The design of the tracery of the Guildry window is a beautiful example of the richness of the imagination of medieval craftsmen. Much of medieval art is inspired and controlled by the mystical power of number symbolism, and an analysis of the geometry of this window shows that the whole design is controlled by the numbers 3 and 4. These numbers were the inspiration of the stained glass.
The dominant motif is the reversed 4, which is the merchants' mark that dates from the Middle Ages. The vertical and horizontal bars form the Sign of the Cross; an appropriate symbol for the Kirk of the Holy Rude. The window faces south, therefore this golden cross, surrounded by deep blues, will shine on the floor of the nave. Since the word "nave" derives from the Latin for a ship it is an appropriate place for a window donated by the Guildry of Stirling, long associated with merchant trade.
Crear McCartney, who designed the Guildry Window, was born in 1931 in Symington, Lanarkshire. He was educated at Biggar High School. After service in the Royal Air Force he studied at Glasgow School of Art from 1950-55 and was awarded the Diploma in Design (Stained Glass).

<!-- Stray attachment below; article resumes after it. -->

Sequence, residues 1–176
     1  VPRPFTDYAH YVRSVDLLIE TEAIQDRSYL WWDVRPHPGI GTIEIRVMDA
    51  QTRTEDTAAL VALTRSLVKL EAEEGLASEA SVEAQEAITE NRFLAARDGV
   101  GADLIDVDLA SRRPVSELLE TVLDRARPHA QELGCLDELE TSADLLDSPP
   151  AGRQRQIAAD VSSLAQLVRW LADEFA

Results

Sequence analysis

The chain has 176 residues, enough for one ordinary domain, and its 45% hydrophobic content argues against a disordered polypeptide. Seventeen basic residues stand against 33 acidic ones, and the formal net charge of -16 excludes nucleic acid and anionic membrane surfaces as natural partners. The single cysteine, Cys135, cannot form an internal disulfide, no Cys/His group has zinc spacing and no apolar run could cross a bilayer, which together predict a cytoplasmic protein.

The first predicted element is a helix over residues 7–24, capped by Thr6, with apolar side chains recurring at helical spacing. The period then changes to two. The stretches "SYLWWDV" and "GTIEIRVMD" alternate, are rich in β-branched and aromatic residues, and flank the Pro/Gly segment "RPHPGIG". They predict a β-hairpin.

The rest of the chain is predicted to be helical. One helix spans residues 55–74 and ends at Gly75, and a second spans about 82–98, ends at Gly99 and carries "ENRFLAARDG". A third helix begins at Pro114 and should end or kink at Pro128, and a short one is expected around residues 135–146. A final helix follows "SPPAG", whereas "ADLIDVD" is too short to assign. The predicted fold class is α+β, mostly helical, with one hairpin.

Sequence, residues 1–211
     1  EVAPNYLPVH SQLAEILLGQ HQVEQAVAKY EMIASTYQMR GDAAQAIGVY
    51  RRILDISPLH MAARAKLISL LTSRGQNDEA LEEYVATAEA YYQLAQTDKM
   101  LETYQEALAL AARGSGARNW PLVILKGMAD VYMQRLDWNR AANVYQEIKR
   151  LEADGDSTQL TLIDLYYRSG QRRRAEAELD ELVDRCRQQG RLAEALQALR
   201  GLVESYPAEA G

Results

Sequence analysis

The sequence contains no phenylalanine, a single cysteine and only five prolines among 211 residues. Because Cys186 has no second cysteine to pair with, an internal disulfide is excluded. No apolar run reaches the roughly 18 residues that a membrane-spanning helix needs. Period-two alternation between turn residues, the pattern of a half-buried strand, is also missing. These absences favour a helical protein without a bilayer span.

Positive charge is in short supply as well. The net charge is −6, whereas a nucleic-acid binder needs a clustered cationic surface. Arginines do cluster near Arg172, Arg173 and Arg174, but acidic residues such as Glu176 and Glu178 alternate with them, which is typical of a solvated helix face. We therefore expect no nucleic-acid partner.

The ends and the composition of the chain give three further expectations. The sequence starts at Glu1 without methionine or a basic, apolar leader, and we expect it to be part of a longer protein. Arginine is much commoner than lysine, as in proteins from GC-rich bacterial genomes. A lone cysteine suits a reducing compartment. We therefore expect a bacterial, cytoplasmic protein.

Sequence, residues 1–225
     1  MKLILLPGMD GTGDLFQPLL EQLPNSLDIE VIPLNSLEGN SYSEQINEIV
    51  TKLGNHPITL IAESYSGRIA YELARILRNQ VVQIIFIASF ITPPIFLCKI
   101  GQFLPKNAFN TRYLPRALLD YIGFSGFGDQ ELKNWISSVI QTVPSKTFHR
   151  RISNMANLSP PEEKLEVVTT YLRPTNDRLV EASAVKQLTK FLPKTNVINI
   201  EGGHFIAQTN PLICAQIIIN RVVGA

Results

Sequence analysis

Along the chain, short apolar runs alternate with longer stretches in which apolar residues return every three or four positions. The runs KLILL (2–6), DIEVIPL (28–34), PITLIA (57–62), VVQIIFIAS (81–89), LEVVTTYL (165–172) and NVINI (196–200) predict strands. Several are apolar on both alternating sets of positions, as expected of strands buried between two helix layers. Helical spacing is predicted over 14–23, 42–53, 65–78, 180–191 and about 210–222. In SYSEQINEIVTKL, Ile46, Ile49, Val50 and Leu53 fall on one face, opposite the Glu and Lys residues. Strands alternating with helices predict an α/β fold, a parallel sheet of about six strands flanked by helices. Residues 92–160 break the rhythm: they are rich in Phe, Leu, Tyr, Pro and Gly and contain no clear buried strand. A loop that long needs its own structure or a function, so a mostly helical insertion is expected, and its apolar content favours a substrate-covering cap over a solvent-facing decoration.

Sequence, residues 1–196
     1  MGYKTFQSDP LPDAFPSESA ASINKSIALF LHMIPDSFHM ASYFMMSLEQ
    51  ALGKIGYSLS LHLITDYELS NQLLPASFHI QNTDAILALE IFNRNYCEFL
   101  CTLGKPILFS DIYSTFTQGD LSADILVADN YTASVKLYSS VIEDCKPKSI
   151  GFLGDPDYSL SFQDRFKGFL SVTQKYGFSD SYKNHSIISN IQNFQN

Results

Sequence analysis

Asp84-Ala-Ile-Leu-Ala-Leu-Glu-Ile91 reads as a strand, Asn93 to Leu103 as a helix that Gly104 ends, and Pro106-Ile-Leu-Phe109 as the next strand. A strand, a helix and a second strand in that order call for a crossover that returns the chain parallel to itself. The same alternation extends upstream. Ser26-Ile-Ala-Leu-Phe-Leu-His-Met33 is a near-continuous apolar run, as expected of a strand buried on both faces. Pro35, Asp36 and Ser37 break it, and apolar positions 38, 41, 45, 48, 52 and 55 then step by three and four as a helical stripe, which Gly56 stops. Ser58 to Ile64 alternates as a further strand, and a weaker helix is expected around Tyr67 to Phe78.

From 1955-60 he was Manager of the Stained Glass Studio at Pluscarden Abbey, Morayshire, then, following teacher training in Aberdeen, he was an art teacher in Elgin Academy and a principal teacher of art in Lesmahagow High School between 1961-88. Since 1988 he has been a freelance stained glass artist.
During his career Mr McCartney has carried out commissions for 79 stained glass windows in Scotland, England and the USA. His principal work can be seen in windows for Pluscarden and Prinknash Abbeys, the west window of the 850th Anniversary of St Magnus Cathedral in Orkney and Dornoch Cathedral, the south transept window in Linlithgow, and other churches and chapels in Indiana, USA, Biggar, Stonehouse, Law Hospital, Wishaw, Nairn, Peebles, Prestonpans, Ayr and Kirkconnel. Other commissions include a window for the offices of Scottish Malt Distilleries in Elgin and heraldic panels for the Norwich Union in Aberdeen. In 1989 he designed the RAF Memorial Window at St Eval, Cornwall.